Acquired von Willebrand syndrome in continuous-flow ventricular assist device recipients.


Journal Article

BACKGROUND: Bleeding is a major cause of morbidity in recipients of continuous-flow left ventricular assist devices (CF-LVAD). A better understanding of the impact of CF-LVAD support on the hemostatic profile is necessary to establish better strategies for anticoagulation therapy and risk assessment for bleeding complications. A prospective multicenter study was conducted to characterize von Willebrand factor (vWF) profiles in patients undergoing CF-LVAD implantation. METHODS: Blood samples were collected before and after CF-LVAD implantation from 37 patients between July 2008 and April 2009 at Duke University and the University of Minnesota. Blood samples were analyzed for vWF, platelet and collagen-binding ability. The presence of high-molecular-weight (HMW) vWF multimers were detected through gel electrophoresis, and deficiency was graded on a scale of 0 (normal) to 3 (severe loss). RESULTS: All 37 patients exhibited significant loss of HMW vWF multimers within 30 days of CF-LVAD implantation. Ten of the 37 patients experienced bleeding complications after CF-LVAD placement. CONCLUSIONS: All CF-LVAD recipients had acquired von Willebrand syndrome after LVAD placement, demonstrated by reduced or absent HMW vWF multimer levels. However, not all recipients had bleeding complications. These findings suggest that loss of HMW vWF multimers alone cannot predict bleeding risk. Further refinement of laboratory techniques and a larger follow-up is required to identify risk factors for bleeding in CF-LVAD recipients.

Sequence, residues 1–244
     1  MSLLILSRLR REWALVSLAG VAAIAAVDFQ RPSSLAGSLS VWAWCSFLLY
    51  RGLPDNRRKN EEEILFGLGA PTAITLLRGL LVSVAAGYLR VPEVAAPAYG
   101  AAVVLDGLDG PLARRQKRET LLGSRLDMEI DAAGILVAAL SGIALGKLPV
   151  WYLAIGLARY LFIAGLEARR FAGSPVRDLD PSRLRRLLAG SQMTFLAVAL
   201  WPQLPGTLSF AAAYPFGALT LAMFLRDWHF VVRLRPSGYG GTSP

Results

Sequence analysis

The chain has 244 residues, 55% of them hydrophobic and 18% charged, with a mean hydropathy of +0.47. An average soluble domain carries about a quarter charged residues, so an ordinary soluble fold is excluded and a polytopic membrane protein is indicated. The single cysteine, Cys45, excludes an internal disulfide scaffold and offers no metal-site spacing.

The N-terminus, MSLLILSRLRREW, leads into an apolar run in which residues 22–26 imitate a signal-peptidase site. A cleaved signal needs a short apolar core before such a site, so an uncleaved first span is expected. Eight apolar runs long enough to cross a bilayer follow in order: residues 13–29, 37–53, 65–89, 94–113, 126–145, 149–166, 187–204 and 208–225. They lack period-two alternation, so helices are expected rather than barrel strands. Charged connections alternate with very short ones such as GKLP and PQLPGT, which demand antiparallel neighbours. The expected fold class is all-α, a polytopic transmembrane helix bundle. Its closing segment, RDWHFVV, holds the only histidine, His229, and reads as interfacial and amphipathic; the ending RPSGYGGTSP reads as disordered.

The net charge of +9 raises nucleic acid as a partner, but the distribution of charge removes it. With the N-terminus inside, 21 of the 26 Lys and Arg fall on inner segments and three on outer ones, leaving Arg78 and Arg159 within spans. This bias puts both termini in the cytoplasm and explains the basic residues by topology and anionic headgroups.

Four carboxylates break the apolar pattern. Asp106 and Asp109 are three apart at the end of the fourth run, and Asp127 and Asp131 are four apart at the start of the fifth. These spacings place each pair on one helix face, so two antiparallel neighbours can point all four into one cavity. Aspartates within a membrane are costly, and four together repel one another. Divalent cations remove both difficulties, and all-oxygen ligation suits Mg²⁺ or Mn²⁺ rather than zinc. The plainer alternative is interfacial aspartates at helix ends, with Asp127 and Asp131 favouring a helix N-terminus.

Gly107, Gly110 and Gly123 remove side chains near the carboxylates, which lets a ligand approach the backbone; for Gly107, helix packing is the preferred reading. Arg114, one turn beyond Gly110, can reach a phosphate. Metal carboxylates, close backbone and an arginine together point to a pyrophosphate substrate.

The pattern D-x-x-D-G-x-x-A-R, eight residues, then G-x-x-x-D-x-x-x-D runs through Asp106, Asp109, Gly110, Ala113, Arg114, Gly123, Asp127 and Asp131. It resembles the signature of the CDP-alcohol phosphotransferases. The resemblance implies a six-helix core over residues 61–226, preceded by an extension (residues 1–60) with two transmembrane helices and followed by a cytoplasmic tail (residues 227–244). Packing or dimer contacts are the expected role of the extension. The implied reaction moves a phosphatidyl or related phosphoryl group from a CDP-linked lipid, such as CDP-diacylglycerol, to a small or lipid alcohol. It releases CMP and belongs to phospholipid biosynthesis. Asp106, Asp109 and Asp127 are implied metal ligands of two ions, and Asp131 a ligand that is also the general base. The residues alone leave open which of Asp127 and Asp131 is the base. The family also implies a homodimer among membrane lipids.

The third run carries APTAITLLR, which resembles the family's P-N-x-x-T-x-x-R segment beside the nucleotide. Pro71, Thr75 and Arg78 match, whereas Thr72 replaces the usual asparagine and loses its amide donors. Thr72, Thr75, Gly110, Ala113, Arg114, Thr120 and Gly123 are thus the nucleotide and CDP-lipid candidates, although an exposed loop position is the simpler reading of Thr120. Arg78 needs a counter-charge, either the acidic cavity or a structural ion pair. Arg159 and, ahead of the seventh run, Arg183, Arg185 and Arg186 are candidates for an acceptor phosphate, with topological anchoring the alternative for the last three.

Full Text

Duke Authors

Cited Authors

  • Crow, S; Chen, D; Milano, C; Thomas, W; Joyce, L; Piacentino, V; Sharma, R; Wu, J; Arepally, G; Bowles, D; Rogers, J; Villamizar-Ortiz, N

Published Date

  • October 2010

Published In

Volume / Issue

  • 90 / 4

Start / End Page

  • 1263 - 1269

PubMed ID

  • 20868825

Pubmed Central ID

  • 20868825

Electronic International Standard Serial Number (EISSN)

  • 1552-6259

Digital Object Identifier (DOI)

  • 10.1016/j.athoracsur.2010.04.099


  • eng

Conference Location

  • Netherlands